The World Health Organization announced a positive finding regarding the new virus with SARS similarities discovered in London last week: it appears to not transmit easily between people. The health agency had put out a global alert a few days ago over the tenatively named, potentially deadly Novel Coronavirus 2012.
The virus seems to have originated in the Middle East. The first infection case was discovered earlier this month in a critically-ill patient from Qatar who had recently traveled to Saudi Arabia. Another man, who had apparently had the same virus, had just died in the same area the Qatari patient had traveled to. (Source: Reuters)
The Qatari patient was air transported to a London hospital, for treatment of his symptoms, where the true nature of his infection was discovered.
The WHO has allied with a team of specialists from multiple countries in order to more accurately gauge the health risk that Novel Coronavirus 2012 poses to the general public. The virus is currently being monitored closely by the UN health agency, while they decide what actions need to be taken.
Both patients who have been infected by Novel Coronavirus 2012 have suffered renal failure in addition to other symptoms. So far, no other cases of infection have been confirmed.
Not the Same as SARS
The little-known virus shares a number of similarities with the now-contained coronavirus SARS (Severe Acute Respiratory Syndrome), the outbreak of which was responsible for the deaths of over 900 people, with a 10.9% fatality rate. The last case of a SARS infection was seen in June 2003, excepting a lab-induced infection in 2004.
But despite those superficial similarities, according both to the virus’ behavior its genetic makeup, Novel Coronavirus 2012 is a totally different pathogen. Based on initial test results, there is some evidence that the virus infection may have originated from animals.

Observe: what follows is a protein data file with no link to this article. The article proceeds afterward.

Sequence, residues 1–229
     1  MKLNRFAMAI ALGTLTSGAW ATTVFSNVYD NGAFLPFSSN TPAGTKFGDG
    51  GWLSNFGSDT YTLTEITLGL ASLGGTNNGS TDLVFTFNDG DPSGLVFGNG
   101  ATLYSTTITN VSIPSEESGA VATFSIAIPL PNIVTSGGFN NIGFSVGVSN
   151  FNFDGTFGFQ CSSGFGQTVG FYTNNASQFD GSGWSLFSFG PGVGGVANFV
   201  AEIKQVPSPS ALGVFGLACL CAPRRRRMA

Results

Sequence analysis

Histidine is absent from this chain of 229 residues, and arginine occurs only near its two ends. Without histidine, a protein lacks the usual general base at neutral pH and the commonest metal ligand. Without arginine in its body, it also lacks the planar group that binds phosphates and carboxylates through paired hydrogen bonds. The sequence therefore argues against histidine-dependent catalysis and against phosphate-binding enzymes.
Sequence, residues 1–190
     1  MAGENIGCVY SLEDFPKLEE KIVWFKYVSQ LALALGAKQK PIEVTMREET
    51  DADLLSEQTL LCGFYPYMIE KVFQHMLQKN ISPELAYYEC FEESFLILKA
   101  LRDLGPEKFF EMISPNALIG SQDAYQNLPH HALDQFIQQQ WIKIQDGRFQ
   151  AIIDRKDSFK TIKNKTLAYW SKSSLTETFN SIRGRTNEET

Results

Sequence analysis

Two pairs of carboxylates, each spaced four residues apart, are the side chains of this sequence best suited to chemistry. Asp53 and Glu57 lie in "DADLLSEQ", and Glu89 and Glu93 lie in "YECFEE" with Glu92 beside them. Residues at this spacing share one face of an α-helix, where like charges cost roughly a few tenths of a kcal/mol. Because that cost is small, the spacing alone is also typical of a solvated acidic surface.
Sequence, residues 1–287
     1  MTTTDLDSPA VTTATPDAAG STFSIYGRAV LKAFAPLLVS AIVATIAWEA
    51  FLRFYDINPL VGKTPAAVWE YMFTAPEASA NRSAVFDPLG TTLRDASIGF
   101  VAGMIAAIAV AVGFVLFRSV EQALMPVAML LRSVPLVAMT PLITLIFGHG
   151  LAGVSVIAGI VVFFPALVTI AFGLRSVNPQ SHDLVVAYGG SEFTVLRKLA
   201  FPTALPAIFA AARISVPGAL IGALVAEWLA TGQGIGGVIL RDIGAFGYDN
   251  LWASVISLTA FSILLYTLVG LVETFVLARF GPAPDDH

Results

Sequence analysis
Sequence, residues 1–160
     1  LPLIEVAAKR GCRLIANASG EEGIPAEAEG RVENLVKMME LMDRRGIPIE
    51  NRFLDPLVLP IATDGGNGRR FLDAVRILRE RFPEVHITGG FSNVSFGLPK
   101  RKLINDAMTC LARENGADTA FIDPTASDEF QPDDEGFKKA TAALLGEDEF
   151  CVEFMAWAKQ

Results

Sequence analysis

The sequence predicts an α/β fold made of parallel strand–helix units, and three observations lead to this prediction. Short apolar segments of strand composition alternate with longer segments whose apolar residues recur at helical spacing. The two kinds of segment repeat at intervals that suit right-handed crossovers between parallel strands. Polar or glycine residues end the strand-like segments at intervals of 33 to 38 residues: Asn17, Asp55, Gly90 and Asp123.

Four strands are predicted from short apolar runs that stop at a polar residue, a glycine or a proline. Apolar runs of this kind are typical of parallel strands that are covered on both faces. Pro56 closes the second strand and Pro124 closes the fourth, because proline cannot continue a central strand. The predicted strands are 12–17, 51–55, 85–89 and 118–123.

The WHO recommends that health workers be alert to anyone with acute respiratory syndrome requiring hospitalization who has spent any time in the Middle East region where the virus was found, or has been in contact with a suspected or confirmed case in the previous 10 days.
So far, no international travel restrictions have been put in place in relation to Novel Coronavirus 2012.
Despite the fact that the virus seems to not be easily transmitted between people, there is a great deal of concern about Muslims making the Hajj pilgrimage to Mecca, Saudi Arabia. Almost 2 million people from other countries traveled to Saudi Arabia for the pilgrimage last year.
At this time, international health agencies including the World Health Organization are still learning about the virus, the public health risks, and what steps are appropriate.
As you read this blog, scientists in multiple countries are conducting virology tests as part of the World Health Organization’s efforts to completely understand — and contain — the virus as quickly as possible. To that end, so far, international laboratory researchers have decoded the genetic makeup of Novel Coronavirus 2012, and have developed tests for diagnosing possible cases in patients.
When the SARS outbreak happened in 2002, it was months before WHO was even alerted to its existence. A big part of why Novel Coronavirus 2012 was detected so early compared to SARS has to do with improved genetic technology called deep sequencing.
Thanks to deep sequencing, laboratories can identify and viruses that are closely related as well as viruses that are mutating. The higher-tech process decodes genetic sequences at a very high level of accuracy so that even the smallest differences between viruses are apparent.
At the same time, the similarities that are discovered can help scientists and health experts to make more accurate assessments as to a new/mutated virus’ characteristics and behavior, earlier in the timeline.
We will keep you updated at Air Medical Net on any important developments related to Novel Coronavirus 2012.